I graduated from college and then thought, now what? I always envisioned myself in a fulfilling career, but what that career would be was unclear.

Like many Millennials, I’ve switched jobs when I felt unsatisfied or needed a change. I would hop from job to job, initially feeling like it was a good fit, and then suddenly it wasn’t.

The distress I felt over making career decisions agonized me to the point where I knew I needed to get help. I began seeing a therapist to help guide me in the right direction, and these are the lessons I learned.

1. Doing Gives You Information

The first advice I learned was to start doing things. I wouldn’t be able to figure out in my head if I liked something or not. I needed to gain firsthand experience.

One of my shortcomings was that I would overanalyze my choices but never make any. By choosing a direction and following the path it took me on I learned much about myself and my career.

Deciding whether we like something or not involves taking action. After you have put yourself into a situation you learn what you like and dislike about it. It’s this act of doing that teaches us who we want to become.

Workers in a meeting in an office.
You will learn much more from doing than you will ever learn from thinking.

2. You Can Bring Your Gifts Everywhere

A roadblock I encountered when considering careers was trying to choose a job that aligned with my talents. My therapist told me to look at it the other way. She said I will develop any job I am in because I will bring my talents to the table.

She also emphasized that it’s impossible to find yourself in a job description. You will bring your uniqueness to the job. It’s good to find a good match, but it may not be a perfect fit.

While some jobs are a better fit than others, your skill set can be useful anywhere. Even workers with the same job title bring unique attributes to the workforce.

Instead of trying to fit into a mold, envision how you can use your gifts to help others. Think about what environment you want to use your gifts in. Your path may begin to reveal itself.

Skills come from your knowledge and experience.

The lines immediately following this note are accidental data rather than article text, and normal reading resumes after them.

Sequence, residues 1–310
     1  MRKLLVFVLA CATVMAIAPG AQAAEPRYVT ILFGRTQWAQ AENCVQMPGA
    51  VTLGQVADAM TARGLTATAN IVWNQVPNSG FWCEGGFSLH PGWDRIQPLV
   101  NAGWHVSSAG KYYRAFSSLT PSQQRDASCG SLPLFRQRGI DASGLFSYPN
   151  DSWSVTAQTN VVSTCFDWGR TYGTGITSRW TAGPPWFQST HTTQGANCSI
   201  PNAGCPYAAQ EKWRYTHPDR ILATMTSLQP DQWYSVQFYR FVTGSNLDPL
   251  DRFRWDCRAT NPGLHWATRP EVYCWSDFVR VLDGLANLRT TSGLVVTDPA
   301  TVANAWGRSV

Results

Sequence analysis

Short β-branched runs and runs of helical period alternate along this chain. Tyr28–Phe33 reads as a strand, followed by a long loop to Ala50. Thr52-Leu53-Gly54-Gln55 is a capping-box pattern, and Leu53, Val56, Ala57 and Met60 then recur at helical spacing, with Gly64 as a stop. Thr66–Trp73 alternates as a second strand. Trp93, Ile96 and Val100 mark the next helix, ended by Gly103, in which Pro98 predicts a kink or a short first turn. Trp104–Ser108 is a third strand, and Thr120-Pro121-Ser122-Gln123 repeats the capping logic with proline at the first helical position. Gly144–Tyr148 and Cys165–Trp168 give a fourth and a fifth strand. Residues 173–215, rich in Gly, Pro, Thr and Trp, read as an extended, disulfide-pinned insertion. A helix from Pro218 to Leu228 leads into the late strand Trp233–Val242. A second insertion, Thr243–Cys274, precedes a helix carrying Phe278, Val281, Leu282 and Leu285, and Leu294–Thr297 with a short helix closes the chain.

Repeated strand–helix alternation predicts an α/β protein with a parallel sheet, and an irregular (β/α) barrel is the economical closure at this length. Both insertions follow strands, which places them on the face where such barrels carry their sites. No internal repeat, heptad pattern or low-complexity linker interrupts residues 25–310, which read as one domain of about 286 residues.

Your skills can be used in a variety of settings.

3. Keep Your Focus

My career ideas were all over the place. I considered many occupations but never narrowed down my choices. This paralysis by analysis overwhelmed me and turned into an anxiety attack.

I learned to keep my focus on a task or job that is a decent fit or stepping stone. I considered what I could reasonably do with my current skill set, and also what would be of interest to me.

After discussing these ideas with my therapist, I created a vision for my next job. I wrote a list of the types of skills I wanted to use in this job.

Career counseling became my focus and I boldly went with it. In a non-traditional fashion, I used this list of ideas in my interview a few weeks later and landed a new job. When you focus your career, you get results.

Your path is evident when you focus.
When you narrow your focus your path becomes evident.

4. Limit Your Time

Creating a career can be overwhelming. There are so many job boards to search on, careers to read about, and personality tests to take. We can also write our feelings regarding various occupations to help inform our decisions.

From time to time, exploring careers can be useful. However, I did this too much and got distressed that I couldn’t come up with an answer.

My therapist gave me boundaries for job searching. She told me that it should not consume an entire afternoon.

In addition, she taught me to recognize that my overwhelmed feeling was a red flag that I needed to take a break. When I noticed that cue I would step away from my computer and put career searching to rest for the day.

When I learned to limit the amount of time spent on job searching I noticed I was happier and less anxious about my lack of direction. Do yourself a favor and limit the time you spend focused on exploring jobs.

Many clocks on the floor indicate too much time is being spent on your career search.
Spending too much time on your career can be overwhelming.

5. Learn to Have Fun

Being overly concerned with your career stifles your youthful innocence. It’s important to revive your playful side. Your emotional wellness depends on it.

My therapist went on to explain that it’s important to let loose and participate in activities simply because they are enjoyable. Engaging in fun activities gives your mind and body a break. You feel refreshed and recharged and your mood improves.

For me, this meant that I remembered to write in my gratitude journal, and developed time to pray and read the Bible. It also meant that I took the effort to plan game nights with my friends. I also made sure I fit exercise into my schedule and rested when I needed to.

Your career success and emotional happiness go hand and hand. If you want a fulfilling career, begin by creating a satisfying personal life. When you put a smile on your face, your career success will follow. 

woman lying in grass smiling
Do something that makes you smile today!